(3) Except parsing HTML using regular expression is slow and painful. Even the built-in 'html' parser module doesn't use regexes to get the work done. And if the html module doesn't please you, there is plenty of XML/HTML parser modules that does the job without having to reinvent the wheel. - BatchyX
A link to documentation on the output syntax would be great. - Personman
(1) This should be an official part of Python, not experimental... RegEx is always tricky and being able to trace what's happening is really helpful. - Cahit
[+459] [2008-09-22 19:51:20] Dave


Wrap an iterable with enumerate and it will yield the item along with its index.

For example:

>>> a = ['a', 'b', 'c', 'd', 'e']
>>> for index, item in enumerate(a): print index, item
0 a
1 b
2 c
3 d
4 e



i think it's been deprecated in python3 - Berry Tsakala
(45) And all this time I was coding this way: for i in range(len(a)): ... and then using a[i] to get the current item. - Fernando Martin
(4) @Berry Tsakala: To my knowledge, it has not been deprecated. - JAB
shorter than using zip and count for index, item in zip(itertools.count(), a): print(index,item) - Yoo
(1) Great feature, +1. @Draemon: this is actually covered in the Python tutorial that comes installed with Python (there's a section on various looping constructs), so I'm always surprised that this is so little known. - Edan Maor
(1) The nice thing about this is when you're iterating through more than one loop simultaneously - dassouki
@Berry Tsakala: definitely not deprecated. - ncoghlan
Sorry my ignorance, but isn't it enough to just do: a = ["a","b","c"] >>> for x in enumerate(a): ... print x why do you do for index, item in enumerate(a): print index, item - Trufa
I always hacked idx, elem in itertools.izip(itertools.count(), iterable):... - Jeeyoung Kim
(1) @Tufa: You might not want to use the index and item in the same statement. In this simple example your code is equivalent, but in a more sophisticated scenario it won't be able to do all that for inx, itm in enumerate(a): can do. - Tomas Aschan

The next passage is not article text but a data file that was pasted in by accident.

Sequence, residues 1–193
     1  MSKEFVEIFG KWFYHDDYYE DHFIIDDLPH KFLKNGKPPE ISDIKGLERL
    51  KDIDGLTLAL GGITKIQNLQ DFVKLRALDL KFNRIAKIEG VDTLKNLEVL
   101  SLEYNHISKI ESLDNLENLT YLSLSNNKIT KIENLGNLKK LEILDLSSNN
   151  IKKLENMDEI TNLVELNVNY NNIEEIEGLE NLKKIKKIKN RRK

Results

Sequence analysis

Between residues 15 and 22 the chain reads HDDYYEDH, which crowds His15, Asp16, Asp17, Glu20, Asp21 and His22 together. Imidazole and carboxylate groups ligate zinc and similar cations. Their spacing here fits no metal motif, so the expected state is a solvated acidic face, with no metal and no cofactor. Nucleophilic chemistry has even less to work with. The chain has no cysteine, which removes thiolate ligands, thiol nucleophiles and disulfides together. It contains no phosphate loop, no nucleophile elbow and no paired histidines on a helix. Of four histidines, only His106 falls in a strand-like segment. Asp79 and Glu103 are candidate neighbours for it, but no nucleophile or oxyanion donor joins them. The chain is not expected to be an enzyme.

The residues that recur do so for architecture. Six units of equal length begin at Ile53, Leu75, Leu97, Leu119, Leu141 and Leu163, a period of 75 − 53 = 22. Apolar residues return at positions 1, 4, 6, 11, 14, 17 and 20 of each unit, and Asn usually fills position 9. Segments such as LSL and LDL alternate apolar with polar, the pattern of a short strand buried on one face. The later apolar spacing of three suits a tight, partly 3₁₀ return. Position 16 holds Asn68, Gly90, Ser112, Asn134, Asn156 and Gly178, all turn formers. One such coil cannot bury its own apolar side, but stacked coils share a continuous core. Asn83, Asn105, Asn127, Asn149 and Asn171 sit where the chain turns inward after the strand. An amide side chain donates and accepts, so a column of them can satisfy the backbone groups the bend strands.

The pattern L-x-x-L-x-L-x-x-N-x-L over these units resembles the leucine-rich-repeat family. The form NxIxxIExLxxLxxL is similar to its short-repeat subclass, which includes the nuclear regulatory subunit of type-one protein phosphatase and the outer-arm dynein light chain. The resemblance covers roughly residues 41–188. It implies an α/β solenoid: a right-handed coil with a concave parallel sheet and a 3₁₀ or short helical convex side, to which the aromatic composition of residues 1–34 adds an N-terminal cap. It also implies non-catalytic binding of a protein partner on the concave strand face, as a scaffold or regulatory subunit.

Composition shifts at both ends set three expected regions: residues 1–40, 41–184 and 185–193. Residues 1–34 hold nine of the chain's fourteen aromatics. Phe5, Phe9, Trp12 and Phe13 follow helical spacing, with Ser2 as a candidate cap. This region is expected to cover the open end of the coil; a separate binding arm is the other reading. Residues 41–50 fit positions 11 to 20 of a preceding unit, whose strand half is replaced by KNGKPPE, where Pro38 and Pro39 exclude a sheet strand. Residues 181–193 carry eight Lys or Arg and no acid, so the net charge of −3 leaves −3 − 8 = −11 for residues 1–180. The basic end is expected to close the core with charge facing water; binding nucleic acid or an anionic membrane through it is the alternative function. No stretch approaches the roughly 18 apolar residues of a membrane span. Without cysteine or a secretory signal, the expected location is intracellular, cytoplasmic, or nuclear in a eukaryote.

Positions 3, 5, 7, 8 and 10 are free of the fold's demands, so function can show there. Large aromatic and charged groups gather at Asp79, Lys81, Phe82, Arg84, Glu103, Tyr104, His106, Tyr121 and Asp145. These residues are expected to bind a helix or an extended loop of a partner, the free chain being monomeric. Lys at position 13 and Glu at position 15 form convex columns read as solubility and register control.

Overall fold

(1) for i in range(len(a)) is still a lot better than for (int i=0;i<a.size();i++) .... - Gravity
(15) enumerate can start from arbitrary index, not necessary 0. Example: 'for i, item in enumerate(list, start=1): print i, item' will start enumeration from 1, not 0. - dmitry_romanov
(3) Not deprecated in Py3K… - Léo Germond
[+418] [2008-09-19 11:59:28] freespace

Creating generators objects

If you write

x=(n for n in foo if bar(n))

you can get out the generator and assign it to x. Now it means you can do

for n in x:

The advantage of this is that you don't need intermediate storage, which you would need if you did

x = [n for n in foo if bar(n)]

In some cases this can lead to significant speed up.

You can append many if statements to the end of the generator, basically replicating nested for loops:

>>> n = ((a,b) for a in range(0,2) for b in range(4,6))
>>> for i in n:
...   print i 

(0, 4)
(0, 5)
(1, 4)
(1, 5)

You could also use a nested list comprehension for that, yes? - shapr
(54) Of particular note is the memory overhead savings. Values are computed on-demand, so you never have the entire result of the list comprehension in memory. This is particularly desirable if you later iterate over only part of the list comprehension. - saffsd
I use ifilter for this kind of thing: - Dan
(19) This is not particularly "hidden" imo, but also worth noting is the fact that you could not rewind a generator object, whereas you can reiterate over a list any number of times. - susmits
ditto susmits. Although these are extremely cool, it's a documented feature of Python Using callbacks with your generators, also documented, adds to the coolness of generators. - Justin
(13) The "no rewind" feature of generators can cause some confusion. Specifically, if you print a generator's contents for debugging, then use it later to process the data, it doesn't work. The data is produced, consumed by print(), then is not available for the normal processing. This doesn't apply to list comprehensions, since they're completely stored in memory. - johntellsall